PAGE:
Antiquities specialist Claudio Corsi looks at an ancient bronze licking dog, the rarest object from a complete hoard of Roman bronze artefacts found by metal detectorists in England in 2017
On a Bank Holiday Sunday in August 2017 two metal detectorists, with a combined 40 years’ experience, stumbled across one of the most intriguing hoards of Roman artefacts to be discovered in Britain in recent memory.
Under the cultivated earth of a farmer’s field in Gloucestershire in south-west England, the pair discovered an unusual deposit of broken hinges, buckles and studs, as well as 20 fragments of a four-foot tall bronze figure, pieces of cast animal-shaped bowls, half a pair of tweezers and the handle of a frying pan.
Additionally, there was a coin minted in Trier in Germany between 321-324 AD featuring a portrait of the Roman Emperor Crispus, the eldest son of the Emperor Constantine. The date of the coin provided a date after which the hoard must have been buried.
Among the find there was one object which had miraculously survived intact — a bronze statue of a ‘licking’ dog, the only example ever found in Britain.
The bronze statue may have come from a Roman temple that had been excavated on the nearby Lydney Estate, explains Christie’s antiquities specialist Claudio Corsi. ‘The temple was dedicated to Nodens, a Celtic god associated with healing, medicine, hunting and crucially, dogs,’ he adds. ‘It was believed that dogs had healing powers and could aid recovery by licking the wound of an injured person.’
Alternatively, the bronze statue, which is 21.4 centimetres in length, including his wagging tongue, may have come from a yet-to-be-discovered ancient Roman temple in the area. Two small holes drilled between areas of carved, feathery geometric relief suggest that it might have been attached to a larger statue. Corsi speculates that this may have been a figure of Nodens, or one of the dog’s ‘patients’.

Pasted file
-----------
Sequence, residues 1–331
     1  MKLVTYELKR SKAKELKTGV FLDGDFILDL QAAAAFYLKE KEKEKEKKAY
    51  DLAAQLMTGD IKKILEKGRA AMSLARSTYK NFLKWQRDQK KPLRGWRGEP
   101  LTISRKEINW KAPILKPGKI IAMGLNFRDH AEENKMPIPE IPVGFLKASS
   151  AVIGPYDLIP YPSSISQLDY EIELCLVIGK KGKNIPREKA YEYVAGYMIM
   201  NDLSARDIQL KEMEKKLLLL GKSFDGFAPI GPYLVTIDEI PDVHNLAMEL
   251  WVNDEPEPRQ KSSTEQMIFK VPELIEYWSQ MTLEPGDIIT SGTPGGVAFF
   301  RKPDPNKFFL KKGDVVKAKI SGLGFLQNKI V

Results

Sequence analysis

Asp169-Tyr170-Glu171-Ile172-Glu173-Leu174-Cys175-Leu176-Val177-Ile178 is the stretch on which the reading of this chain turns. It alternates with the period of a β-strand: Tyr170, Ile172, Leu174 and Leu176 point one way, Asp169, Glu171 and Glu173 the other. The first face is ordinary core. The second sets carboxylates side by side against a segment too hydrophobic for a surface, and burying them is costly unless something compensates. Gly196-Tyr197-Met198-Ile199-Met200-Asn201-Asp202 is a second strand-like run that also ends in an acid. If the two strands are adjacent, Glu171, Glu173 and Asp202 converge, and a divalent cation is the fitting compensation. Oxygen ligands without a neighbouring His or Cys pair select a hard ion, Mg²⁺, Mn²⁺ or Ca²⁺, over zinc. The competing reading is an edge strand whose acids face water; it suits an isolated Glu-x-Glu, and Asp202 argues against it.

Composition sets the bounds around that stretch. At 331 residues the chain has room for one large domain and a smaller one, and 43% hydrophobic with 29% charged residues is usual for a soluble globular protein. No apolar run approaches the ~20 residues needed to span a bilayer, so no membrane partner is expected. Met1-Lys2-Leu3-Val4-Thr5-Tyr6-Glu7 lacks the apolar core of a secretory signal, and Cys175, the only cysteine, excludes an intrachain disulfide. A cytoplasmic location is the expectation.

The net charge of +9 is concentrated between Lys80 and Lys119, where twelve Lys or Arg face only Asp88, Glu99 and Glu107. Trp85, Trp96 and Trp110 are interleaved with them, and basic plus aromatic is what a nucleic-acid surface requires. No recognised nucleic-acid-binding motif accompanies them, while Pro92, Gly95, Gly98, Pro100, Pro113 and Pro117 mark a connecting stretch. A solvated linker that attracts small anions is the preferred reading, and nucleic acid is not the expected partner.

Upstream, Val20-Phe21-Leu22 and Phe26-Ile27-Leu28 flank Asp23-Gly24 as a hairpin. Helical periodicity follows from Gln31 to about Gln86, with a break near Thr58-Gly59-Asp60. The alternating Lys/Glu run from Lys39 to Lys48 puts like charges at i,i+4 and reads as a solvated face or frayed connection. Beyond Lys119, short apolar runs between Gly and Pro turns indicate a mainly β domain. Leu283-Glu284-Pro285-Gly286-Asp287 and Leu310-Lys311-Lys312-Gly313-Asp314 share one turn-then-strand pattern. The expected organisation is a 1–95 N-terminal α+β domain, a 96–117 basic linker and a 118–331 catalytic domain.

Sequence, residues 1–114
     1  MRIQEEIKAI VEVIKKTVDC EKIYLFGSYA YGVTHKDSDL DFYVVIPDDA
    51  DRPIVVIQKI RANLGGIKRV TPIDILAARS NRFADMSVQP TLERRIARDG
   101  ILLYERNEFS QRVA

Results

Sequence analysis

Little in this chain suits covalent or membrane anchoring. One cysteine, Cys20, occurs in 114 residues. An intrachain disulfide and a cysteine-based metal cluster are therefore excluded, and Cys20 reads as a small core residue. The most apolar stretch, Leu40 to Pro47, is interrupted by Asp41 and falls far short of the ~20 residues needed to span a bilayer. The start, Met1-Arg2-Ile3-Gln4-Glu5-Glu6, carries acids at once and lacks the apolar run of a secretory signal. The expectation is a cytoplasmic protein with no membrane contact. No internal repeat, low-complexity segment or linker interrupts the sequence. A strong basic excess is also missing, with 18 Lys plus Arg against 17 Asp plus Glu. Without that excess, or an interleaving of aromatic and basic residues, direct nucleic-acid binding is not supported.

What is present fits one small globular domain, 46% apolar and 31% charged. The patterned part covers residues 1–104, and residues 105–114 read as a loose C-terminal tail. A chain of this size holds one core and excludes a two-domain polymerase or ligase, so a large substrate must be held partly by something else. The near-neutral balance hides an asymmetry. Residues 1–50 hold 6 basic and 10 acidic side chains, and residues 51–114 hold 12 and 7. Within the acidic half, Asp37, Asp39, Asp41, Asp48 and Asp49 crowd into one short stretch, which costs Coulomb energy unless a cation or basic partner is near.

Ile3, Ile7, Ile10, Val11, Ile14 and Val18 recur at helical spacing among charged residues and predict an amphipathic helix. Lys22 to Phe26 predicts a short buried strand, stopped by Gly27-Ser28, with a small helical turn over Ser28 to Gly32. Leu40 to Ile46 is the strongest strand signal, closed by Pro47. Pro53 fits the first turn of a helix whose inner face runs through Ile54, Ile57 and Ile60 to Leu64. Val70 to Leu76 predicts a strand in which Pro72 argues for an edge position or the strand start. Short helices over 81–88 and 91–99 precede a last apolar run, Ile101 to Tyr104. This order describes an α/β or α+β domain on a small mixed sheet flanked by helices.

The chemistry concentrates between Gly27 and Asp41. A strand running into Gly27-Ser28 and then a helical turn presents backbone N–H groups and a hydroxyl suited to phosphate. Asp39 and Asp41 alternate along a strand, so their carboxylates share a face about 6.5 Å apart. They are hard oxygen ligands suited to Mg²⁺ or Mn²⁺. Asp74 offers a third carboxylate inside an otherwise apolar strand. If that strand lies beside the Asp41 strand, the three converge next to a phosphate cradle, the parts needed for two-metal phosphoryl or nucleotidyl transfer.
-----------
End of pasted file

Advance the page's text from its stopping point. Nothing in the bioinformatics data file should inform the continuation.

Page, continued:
After finding the hoard the pair of detectorists reported it to the archaeology department of the the local council, which sent a professional to excavate the site, the precise location of which remains a secret.
The artefacts then went to Bristol Museum to be cleaned, photographed, catalogued and safeguarded. Archaeologists at the museum observed that the objects appeared to have been deliberately broken and buried for safekeeping, probably as scrap to be re-smelted. Why the original owner never returned to retrieve them remains a mystery. The hoard is now being sold as one lot — a time capsule in effect — in the Antiquities sale in London on 3 July.
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‘Metal detecting is a great way for people to contribute to history,’ explains Corsi, ‘and this is definitely the find of the lifetime. But if you want to give it a go make sure you follow the guidelines set out by the Portable Antiquities Scheme, and always get permission from the landowner in advance.’